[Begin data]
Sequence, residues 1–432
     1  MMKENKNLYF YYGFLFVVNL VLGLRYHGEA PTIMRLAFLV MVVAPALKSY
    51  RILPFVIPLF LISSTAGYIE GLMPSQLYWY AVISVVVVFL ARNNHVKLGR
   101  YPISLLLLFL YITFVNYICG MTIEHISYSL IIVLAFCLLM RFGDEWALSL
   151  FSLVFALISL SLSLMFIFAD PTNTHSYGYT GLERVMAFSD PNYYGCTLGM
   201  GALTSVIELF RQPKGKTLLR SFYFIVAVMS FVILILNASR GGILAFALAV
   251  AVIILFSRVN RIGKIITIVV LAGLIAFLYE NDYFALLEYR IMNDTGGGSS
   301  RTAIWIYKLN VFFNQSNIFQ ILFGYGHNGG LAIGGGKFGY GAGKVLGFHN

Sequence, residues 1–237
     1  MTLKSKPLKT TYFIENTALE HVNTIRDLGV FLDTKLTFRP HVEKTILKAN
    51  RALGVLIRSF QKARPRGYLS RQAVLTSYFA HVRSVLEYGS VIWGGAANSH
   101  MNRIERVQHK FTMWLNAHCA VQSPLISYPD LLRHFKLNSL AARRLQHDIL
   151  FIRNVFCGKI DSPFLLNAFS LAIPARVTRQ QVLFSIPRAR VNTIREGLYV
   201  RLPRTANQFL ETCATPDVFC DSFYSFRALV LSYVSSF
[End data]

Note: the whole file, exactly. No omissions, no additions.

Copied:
Sequence, residues 1–432
     1  MMKENKNLYF YYGFLFVVNL VLGLRYHGEA PTIMRLAFLV MVVAPALKSY
    51  RILPFVIPLF LISSTAGYIE GLMPSQLYWY AVISVVVVFL ARNNHVKLGR
   101  YPISLLLLFL YITFVNYICG MTIEHISYSL IIVLAFCLLM RFGDEWALSL
   151  FSLVFALISL SLSLMFIFAD PTNTHSYGYT GLERVMAFSD PNYYGCTLGM
   201  GALTSVIELF RQPKGKTLLR SFYFIVAVMS FVILILNASR GGILAFALAV
   251  AVIILFSRVN RIGKIITIVV LAGLIAFLYE NDYFALLEYR IMNDTGGGSS
   301  RTAIWIYKLN VFFNQSNIFQ ILFGYGHNGG LAIGGGKFGY GAGKVLGFHN

Sequence, residues 1–237
     1  MTLKSKPLKT TYFIENTALE HVNTIRDLGV FLDTKLTFRP HVEKTILKAN
    51  RALGVLIRSF QKARPRGYLS RQAVLTSYFA HVRSVLEYGS VIWGGAANSH
   101  MNRIERVQHK FTMWLNAHCA VQSPLISYPD LLRHFKLNSL AARRLQHDIL
   151  FIRNVFCGKI DSPFLLNAFS LAIPARVTRQ QVLFSIPRAR VNTIREGLYV
   201  RLPRTANQFL ETCATPDVFC DSFYSFRALV LSYVSSF